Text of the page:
Harry Schaeffer was a toddler when his family moved in 1955 to National Park, where nearby Eagle Point Refinery had been turning crude to gasoline, heating oil and other products for years.
Schaeffer grew up near the towers and tanks and got a job at Eagle Point as a young man. He spent 34 years controlling the valves and switches that moved oil products around the 1,100-acre spread of giant tanks before he was furloughed indefinitely this month.
Schaeffer and others at the Sunoco Inc. plant are among more than 1,000 workers who lost their jobs in the past few months in the refinery industry within 50 miles of Philadelphia, a bad sign for an enterprise that paid blue collar workers well for decades. And when the company hosted a job fair for workers facing furloughs or layoffs, the refinery positions available were far-flung _ in Illinois and the Texas Gulf Coast.
"I wasn't going to be able to walk to any of them," Schaeffer said.
The region has been especially hard hit by troubles within the refining industry.
Eagle Point, on a piece of land jutting out into the Delaware River where eagles have been spotted, was owned by Texaco, Coastal Oil, and El Paso Corp., before Philadelphia-based Sunoco became owner in 2004.
In October, Sunoco announced its plan to idle refining operations and furlough some 400 employees, leaving a much smaller staff to handle already refined oil shipped in from overseas. The company has not announced a long-term plan for the plant. Refining functions remain at Sunoco's nearby plants in Philadelphia and Marcus Hook, Pa.
Since the Sunoco announcement, Valero said it will try to reduce its 550-member workforce by 100 at a refinery a few miles away, in Paulsboro, by offering early retirement packages. Valero also said it would close its refinery in Delaware City, Del., less than an hour's drive south, and cut 550 jobs there.
So far, the most drastic refining cutbacks in the U.S. have come in Delaware and southern New Jersey. But Anne Kohler, an analyst at Caris & Co., expects more plants to be idled in the East, on the Gulf Coast, and in Europe. She said refineries in California are likely to be spared.
It's been a quick reversal.
Just a few years ago, gas was $4 a gallon and there were worries the nation did not have enough refining capacity. But the recession, coupled with more emphasis on fuel efficiency, has driven down demand as refineries were built and were expanded in China, India and the Middle East.
Kohler said gasoline demand isn't likely to return to its 2007 peak and even if the economy turns around, refineries that are shuttered will probably stay closed, partly because it's so hard to reopen one once it's closed entirely.
At Northeastern plants, Valero spokesman Bill Day said, the profit margin is smaller because labor costs more there and the refineries tend to be older and less efficient than elsewhere _ making them the most vulnerable to cuts.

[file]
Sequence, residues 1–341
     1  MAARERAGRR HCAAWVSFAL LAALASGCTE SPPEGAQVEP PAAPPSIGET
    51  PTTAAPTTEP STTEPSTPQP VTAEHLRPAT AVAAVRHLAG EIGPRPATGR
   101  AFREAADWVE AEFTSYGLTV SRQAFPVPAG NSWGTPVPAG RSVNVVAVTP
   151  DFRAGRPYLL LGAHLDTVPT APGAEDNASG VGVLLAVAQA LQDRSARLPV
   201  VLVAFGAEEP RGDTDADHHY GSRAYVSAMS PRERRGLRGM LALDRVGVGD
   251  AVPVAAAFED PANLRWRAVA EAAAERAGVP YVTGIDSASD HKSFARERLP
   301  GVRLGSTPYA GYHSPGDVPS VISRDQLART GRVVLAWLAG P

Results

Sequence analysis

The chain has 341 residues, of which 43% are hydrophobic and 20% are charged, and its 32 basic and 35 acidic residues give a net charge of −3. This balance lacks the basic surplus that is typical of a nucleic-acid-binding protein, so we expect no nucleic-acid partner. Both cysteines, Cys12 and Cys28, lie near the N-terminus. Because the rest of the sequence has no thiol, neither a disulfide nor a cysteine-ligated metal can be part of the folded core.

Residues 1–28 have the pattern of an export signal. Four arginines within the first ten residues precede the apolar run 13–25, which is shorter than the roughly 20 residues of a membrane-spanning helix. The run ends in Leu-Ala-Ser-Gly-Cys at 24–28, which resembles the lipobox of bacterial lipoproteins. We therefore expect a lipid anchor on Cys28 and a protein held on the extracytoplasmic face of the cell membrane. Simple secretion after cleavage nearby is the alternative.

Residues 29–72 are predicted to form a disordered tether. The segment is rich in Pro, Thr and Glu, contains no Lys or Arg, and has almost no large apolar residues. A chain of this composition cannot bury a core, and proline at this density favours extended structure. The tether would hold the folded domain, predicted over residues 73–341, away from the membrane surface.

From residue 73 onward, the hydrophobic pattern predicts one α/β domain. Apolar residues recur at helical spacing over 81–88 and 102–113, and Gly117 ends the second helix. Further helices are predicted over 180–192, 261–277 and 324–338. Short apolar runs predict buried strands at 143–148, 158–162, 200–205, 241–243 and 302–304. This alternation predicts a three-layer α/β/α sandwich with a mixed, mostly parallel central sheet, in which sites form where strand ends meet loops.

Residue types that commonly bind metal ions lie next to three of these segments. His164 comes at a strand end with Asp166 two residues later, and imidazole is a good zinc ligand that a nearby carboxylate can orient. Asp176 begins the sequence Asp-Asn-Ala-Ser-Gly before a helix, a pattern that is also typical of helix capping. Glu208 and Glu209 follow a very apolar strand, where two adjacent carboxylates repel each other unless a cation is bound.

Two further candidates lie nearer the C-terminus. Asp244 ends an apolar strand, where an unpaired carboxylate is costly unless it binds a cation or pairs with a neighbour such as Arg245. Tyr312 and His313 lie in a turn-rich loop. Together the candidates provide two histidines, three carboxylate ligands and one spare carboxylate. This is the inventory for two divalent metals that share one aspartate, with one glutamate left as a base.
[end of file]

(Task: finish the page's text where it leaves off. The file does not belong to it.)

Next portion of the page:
It's Economics 101. But it's a blow to people like Schaeffer and others who thought they'd always be able to get a job at a refinery. Workers say wages of $33 to $37 an hour made it possible for them to bring in $100,000 a year with overtime.
The effects of the refinery cutbacks will extend beyond families.
"They pay $7 million a year in taxes," said Steve Sweeney, a Democratic state senator who represents the area. He said he expects Sunoco to be granted a major break on its property tax bill when it's no longer refining oil. "The local taxpayers are going to have to pick up that $7 million," he said.
Business owners also have good reason to be worried.
Virginia Apostolopoulos, an office manager for a string of Pat's Pizzeria franchises, says their store in National Park probably got 15 percent of its business from the refinery. Bob Palumbi is owner of National Park Auto, a garage that enjoyed a steady stream of business working on trucks of a half-dozen big contracting companies who streamed in and out of Eagle Point. One account brought in more than $30,000 a year.
"It's going to be a blow to this area, boy," he said.
Palumbi's brother, John, was among those laid off. The 61-year-old spent eight years at Eagle Point, most recently in its machine shop. Now, he spends time hanging around his brother's shop as he looks for a job.
John Palumbi said workers are getting two weeks of pay for every year they worked at Eagle Point once they sign settlement agreements, and can collect unemployment insurance. Many, he said, were remaining on unpaid furlough for a while in hopes that the company will reverse its decision _ and to continue getting company-paid health benefits.
He said he thought his job with Sunoco was the best he ever had, despite the danger of fires and difficult 12-hour shifts that went overnight or began before dawn. He is upset that the cuts came to his community and in December, predicting things will get worse.
Schaeffer said he can tough it out, partly because his expenses are going down. He said he has just one more college tuition check to write for his daughter.
But he's facing new challenges. He's spent more than three decades building up knowledge specific to the tank farm and for the first time, he needs a resume for a job search.